Two samples were provided.

Lunch in another road stop.

And then a lovely break at Chateau de Chenonceau, on our own.

Beloved home of Diane de Poitiers and Catherine de Medicis, Chenonceau is the second most visited castle in France, after Versailles. This 16th century castle is marvellously furnished (the kitchens are a delight!).

We then made a stop in Ambroise before going to the hotel.
Birthplace of the French Renaissance, the Château d'Amboise, built in the 15th and 16th centuries for the kings Charles VIII, Louis XII and François I, towers majestically over the Loire River and the slate roofs of the houses in the old town of Amboise.

Another Mercure hotel, way out of town.

Service was terrible, par for the course for groups. They want you in and out as quickly as possible,

Another goat cheese salad, beef bourguignon which tasted a little odd, and John was given fish which he said was awful.

Our group happily spent the rest of the evening in the bar over several bottles of wine. L left, but then came back to check on her room mate.

Click here for our day's details.
Steps  8,032 5.9 km

Day 13 Monday May 13 - Paris

We returned to Paris with a brief stop in Chambord, for a photo op only.
We would have liked to visit it.

Commissioned by King Francis I and imagined by the great Leonardo da Vinci, the Chateau de Chambord is the largest and most majestic castle of the Loire. It is a symbol of the French Renaissance and of the power of a passionate ruler who revered the arts.

Laura mentioned that it resembled a Turkish city skyline.

This was the final bathroom stop as Laura wanted to get us to Paris by 12:30, which was fine with me!!

The Statue of Liberty near where the river boats dock.

There was no expectation that our rooms would be available at 12:30, but just as we were getting off the bus Laura announced that the rooms were available. BONUS!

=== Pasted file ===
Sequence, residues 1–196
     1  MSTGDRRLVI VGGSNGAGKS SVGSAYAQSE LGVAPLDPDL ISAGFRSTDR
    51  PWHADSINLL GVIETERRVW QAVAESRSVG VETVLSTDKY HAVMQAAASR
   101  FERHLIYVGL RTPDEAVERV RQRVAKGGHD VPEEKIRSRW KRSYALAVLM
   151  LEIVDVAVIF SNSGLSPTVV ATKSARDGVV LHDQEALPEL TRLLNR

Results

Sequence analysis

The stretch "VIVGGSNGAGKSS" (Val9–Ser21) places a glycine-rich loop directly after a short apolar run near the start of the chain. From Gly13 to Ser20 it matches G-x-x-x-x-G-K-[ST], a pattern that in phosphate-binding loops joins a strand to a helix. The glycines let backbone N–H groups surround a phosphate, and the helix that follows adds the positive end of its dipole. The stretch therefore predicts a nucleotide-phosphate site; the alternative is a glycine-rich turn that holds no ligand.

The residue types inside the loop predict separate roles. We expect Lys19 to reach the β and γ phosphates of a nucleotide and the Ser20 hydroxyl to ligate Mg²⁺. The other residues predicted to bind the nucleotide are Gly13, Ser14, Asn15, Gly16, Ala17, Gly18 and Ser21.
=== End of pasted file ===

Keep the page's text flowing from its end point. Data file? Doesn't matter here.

Our room was not on the Eiffel Tower side as our previous one was. It was also quite noisy with water pipes.

We had no intentions of going to the included farewell dinner, so done with this crowd and group dinners. Our plan was to spend our last day in Paris on our own.

Fifteen people took the optional tour of the Louvre which we declined as we've done the Louvre. So they hustled off. Even if you were not going on the Louvre tour Laura would drop anyone who wanted in the area.

The dinner plan was to be picked up at the hotel at 6 PM otherwise meet outside the Pantheon at 6:30. Laura was extremely flexible this way.

We got ourselves settled in our rooms and then grabbed a taxi up to Sacre Coeur Chapel. Taxi rides in Paris are so different than home. The cars are spacious, clean and have sun roofs.

So debonair!

We had a late light lunch in the sunshine.

We then wandered around Montmatre for a few hours.

There were a couple churches visited on the way.

We then meandered back down to the Latin Quarter. Along the way in Tuileries Gardens we came across a couple of mountain goats earning their keep!

We then chose a French bistro for dinner, they played typical French music in the background.

Farewell dinner was included in a restaurant near the Pantheon, we skipped it.

However, John ran into the group on their return and received numerous hugs. Then S and B came to our room with a bottle of wine and we had a great time chatting about everyone!

Click here for our day's details.

Steps 19,382 14.43 km

Day 14 Tuesday May 14 - Paris - Rome Italy


Our scheduled ride did not show up so we took a cab to the airport.